This time I get an error that the JWTSecurityTokenHandler is broken. After some digging I found a StackOverflow post that answers this.  In particular I find that EF is unhappy with the latest MobileServices entity versions so in the NuGet Package Manager I need to uninstall the WindowsAzure.MobileServices.Backend packages and install the specific version 1.0.342.

Do this…Don’t name your Mobile Service project with special characters in the name

The problem isn’t with EF or out of date packages, it has to do with the local database name not being recognizable with the dot-syntax naming convention (another StackOverflow post). In the web config you can fix it by removing the period in the names, or you can do what I did which is just recreate the project without the dot name and test to confirm it’s working, and then rename the services project in the solution.

image

And it works! Time to go and write some code.


Avoiding Hacker Trix

@MikeBenkovich 08/19/2014

ExtremeHackerThis week we're doing a session called "Avoiding Hacker Trix" which goes thru some of the top web exploits that you should be aware of. In this webcast we will cover a variety of things including what we call the secure development process, cross site scripting attack, one click attack, SQL Injection and more. There are a bunch of links we cover, but rather than having you copy these down I'm providing them here...

Links from the slide deck:


Starting out

@MikeBenkovich 06/16/2004

In the beginning...

A long, long time ago. I can still remember how that music used to make me smile. I know that if I had my chance, that I could make those people dance and maybe they'd be happy for a while...

- Don McClean (?)

How about a little American Pie? I like to throw down a few lines of verse to get the thoughts flowing when I sit down to do a little writing. Sort of sets the mood.  I guess that this song reminds us to look at the possible, and to remember the good times that were and the ones that will be. In the software industry we've definitely seen some challenges these last few years, but I think that the changes we're seeing, and the trends that are in the air will bring a resurgence or rennaisance in the software development industry.

The last few years have forced businesses to change how they view the world in order to remain profitable. Cutting costs, canceling projects, holding off on hiring have been the hallmark of the last couple years. But recently we are seeing that manufacturing is starting to get more orders. As stability in the world economy settles in, companies are starting to hire again. Projects that have been on hold are being released into the development stream and we are starting to see the sun rise again. But how can we make sure that we get a piece of that pie?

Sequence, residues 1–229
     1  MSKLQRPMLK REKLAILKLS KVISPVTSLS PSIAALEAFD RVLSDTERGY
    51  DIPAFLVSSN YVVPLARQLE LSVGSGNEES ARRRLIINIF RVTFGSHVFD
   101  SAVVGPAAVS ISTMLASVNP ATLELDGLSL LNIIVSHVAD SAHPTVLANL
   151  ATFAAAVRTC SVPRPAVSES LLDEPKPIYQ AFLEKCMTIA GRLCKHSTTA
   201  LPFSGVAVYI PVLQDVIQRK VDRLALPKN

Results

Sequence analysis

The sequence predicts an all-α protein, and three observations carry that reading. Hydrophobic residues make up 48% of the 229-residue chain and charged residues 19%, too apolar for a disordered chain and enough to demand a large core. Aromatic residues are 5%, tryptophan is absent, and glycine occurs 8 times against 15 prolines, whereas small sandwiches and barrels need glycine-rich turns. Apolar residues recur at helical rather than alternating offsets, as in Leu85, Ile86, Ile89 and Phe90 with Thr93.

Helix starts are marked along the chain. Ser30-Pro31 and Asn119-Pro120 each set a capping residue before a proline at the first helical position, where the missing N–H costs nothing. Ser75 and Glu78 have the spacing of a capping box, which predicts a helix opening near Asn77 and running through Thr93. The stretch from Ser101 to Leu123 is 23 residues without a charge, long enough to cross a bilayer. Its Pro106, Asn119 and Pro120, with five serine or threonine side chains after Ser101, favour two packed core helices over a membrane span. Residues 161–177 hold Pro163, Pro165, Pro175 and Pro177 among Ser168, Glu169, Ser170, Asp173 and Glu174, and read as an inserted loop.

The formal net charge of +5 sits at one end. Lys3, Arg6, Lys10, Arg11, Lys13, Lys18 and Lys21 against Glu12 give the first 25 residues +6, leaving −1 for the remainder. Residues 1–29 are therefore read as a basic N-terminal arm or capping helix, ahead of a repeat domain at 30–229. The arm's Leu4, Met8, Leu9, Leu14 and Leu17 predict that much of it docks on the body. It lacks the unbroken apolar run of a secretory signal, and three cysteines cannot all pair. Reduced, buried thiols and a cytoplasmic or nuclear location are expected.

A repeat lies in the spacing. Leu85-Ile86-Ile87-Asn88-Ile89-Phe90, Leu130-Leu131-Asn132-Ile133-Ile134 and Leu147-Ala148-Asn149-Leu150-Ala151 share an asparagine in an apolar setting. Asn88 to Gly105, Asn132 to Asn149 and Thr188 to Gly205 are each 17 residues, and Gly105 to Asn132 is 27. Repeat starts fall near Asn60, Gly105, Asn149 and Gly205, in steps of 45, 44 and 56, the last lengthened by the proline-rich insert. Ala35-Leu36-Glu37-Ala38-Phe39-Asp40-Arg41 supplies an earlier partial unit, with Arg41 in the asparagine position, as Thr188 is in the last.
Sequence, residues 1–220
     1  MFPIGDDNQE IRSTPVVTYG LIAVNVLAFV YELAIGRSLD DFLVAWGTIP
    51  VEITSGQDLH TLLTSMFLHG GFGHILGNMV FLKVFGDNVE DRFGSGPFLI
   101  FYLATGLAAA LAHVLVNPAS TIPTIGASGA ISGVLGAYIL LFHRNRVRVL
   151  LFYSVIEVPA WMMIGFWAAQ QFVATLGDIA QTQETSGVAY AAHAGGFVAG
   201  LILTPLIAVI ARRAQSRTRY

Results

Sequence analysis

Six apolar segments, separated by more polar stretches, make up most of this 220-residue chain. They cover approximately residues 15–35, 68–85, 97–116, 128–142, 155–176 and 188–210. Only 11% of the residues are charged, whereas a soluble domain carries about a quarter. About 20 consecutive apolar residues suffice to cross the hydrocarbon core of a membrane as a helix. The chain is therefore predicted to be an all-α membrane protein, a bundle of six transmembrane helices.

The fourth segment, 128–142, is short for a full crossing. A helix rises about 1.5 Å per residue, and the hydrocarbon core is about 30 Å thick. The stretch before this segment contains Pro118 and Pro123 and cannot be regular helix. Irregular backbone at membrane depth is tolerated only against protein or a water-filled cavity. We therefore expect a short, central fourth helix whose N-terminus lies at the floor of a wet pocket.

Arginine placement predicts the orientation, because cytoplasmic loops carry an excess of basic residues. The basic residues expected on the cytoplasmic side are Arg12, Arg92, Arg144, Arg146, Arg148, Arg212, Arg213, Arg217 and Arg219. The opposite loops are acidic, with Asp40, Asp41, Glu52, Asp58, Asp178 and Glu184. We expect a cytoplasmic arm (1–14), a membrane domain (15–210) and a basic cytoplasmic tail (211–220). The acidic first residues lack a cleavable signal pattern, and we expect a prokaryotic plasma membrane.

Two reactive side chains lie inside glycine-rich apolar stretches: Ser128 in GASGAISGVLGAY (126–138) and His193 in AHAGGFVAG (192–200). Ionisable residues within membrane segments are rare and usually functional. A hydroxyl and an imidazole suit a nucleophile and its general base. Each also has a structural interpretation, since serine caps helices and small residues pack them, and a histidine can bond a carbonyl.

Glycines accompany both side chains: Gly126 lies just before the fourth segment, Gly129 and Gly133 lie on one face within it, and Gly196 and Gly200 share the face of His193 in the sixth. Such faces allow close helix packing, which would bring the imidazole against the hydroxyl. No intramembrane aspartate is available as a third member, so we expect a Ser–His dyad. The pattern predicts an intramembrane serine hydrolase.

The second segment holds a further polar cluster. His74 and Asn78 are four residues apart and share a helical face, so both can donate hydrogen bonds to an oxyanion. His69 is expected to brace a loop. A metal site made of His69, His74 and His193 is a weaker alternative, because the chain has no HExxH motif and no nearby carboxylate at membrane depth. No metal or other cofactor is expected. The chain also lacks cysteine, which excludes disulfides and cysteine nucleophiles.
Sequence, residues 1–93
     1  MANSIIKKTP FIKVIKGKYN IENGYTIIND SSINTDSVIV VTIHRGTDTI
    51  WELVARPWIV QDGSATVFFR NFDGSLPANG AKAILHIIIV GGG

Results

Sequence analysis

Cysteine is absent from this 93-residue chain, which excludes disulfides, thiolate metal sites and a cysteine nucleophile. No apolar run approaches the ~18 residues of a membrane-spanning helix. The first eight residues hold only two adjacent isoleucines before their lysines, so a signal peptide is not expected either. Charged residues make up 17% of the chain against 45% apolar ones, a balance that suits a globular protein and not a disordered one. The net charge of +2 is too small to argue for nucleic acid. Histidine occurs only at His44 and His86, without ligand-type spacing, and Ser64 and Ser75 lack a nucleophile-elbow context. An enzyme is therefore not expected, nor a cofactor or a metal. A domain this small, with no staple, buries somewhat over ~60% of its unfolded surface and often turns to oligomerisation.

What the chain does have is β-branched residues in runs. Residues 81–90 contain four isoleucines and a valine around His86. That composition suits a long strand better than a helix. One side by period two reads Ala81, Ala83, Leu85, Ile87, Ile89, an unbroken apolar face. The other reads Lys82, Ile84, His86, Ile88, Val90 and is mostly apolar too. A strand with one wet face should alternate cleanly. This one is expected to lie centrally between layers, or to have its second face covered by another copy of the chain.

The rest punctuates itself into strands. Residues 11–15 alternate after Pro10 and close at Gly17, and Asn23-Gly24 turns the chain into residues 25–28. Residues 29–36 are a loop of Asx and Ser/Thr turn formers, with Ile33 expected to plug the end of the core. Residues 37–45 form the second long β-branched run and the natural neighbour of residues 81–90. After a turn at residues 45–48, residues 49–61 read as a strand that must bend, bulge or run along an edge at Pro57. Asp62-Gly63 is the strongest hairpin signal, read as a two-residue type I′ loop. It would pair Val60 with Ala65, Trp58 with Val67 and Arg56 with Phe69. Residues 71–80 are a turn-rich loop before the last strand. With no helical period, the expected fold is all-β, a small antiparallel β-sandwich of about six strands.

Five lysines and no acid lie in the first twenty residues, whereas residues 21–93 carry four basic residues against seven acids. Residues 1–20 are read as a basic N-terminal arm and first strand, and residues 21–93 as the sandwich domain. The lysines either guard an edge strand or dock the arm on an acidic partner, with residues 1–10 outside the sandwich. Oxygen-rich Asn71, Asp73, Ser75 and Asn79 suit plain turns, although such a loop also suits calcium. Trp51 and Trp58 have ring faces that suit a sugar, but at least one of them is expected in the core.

The secret, my friends, is to be efficient. To take advantage of the tools at our disposal to be more productive. Application blocks are a great idea, and are available in the public domain. They are stepping stones that allow us to build off a solid base and deliver our projects quicker. In the current MSDN Event series we talk about using the Exception and Configuration management blocks, as well as the Updater block which allows us to add the self updating functionality.  You can download these blocks by clicking on the links above. The blocks come with documentation on how they're built and quickstart sample applications that show them in use.

Other ways that we can reduce the development costs and be more effective is to take advantage of new products such as SQL Server Reporting Services. This new product gives us the ability to rapidly create and deploy business reports with our applications  and to simplify so many of those tedious tasks surrounding the simple job of reporting. Sure we have the information, but lets make it available and useful. Besides the great authoring environment that integrates with Visual Studio, we can manage the scalability, performance and delivery of the reports by simply configuring the caching, subscriptions and security of individual reports.

In order to continue to bring home the bacon, we must demonstrate that it is more efficient to have the developer working hand in hand (if not face to face) with the business in designing and building solutions. The new RAD features of Whidbey & Yukon promise to significantly reduce the amount of code required to perform basic functions. For example, have you ever written code to see whether or not a specific machine is currently connected to the network? If you're at a cmd line you can run the PING command and see whether it times out. But to implement that programmatically requires some complicated code. At the Des Moines User Group meeting last week someone had an example he had written to do just that. The code for the ping function was 140+ lines. In the .NET 2.0 we can use the “My” object and write the same thing in one (1) line of code (!!!). Do a little exploring and you find that this new object provides a tremendous amount of intelligence about our current runtime environment.  Sure, there's a lot of other cool features of Whidbey (like the automated layout guidelines, refactoring, etc) that will make rapid prototyping a reality, but until you actually have a chance to see it in action, you won't really appreciate the impact these advances will have.

As the developer becomes more productive and is able to provide the solutions that businesses require, they will start to ask better questions. Our goal then is to be at the front of the wave that is passing through the industry, so that maybe if we're lucky we can catch it and ride until we get to where we're going.


Security - Archive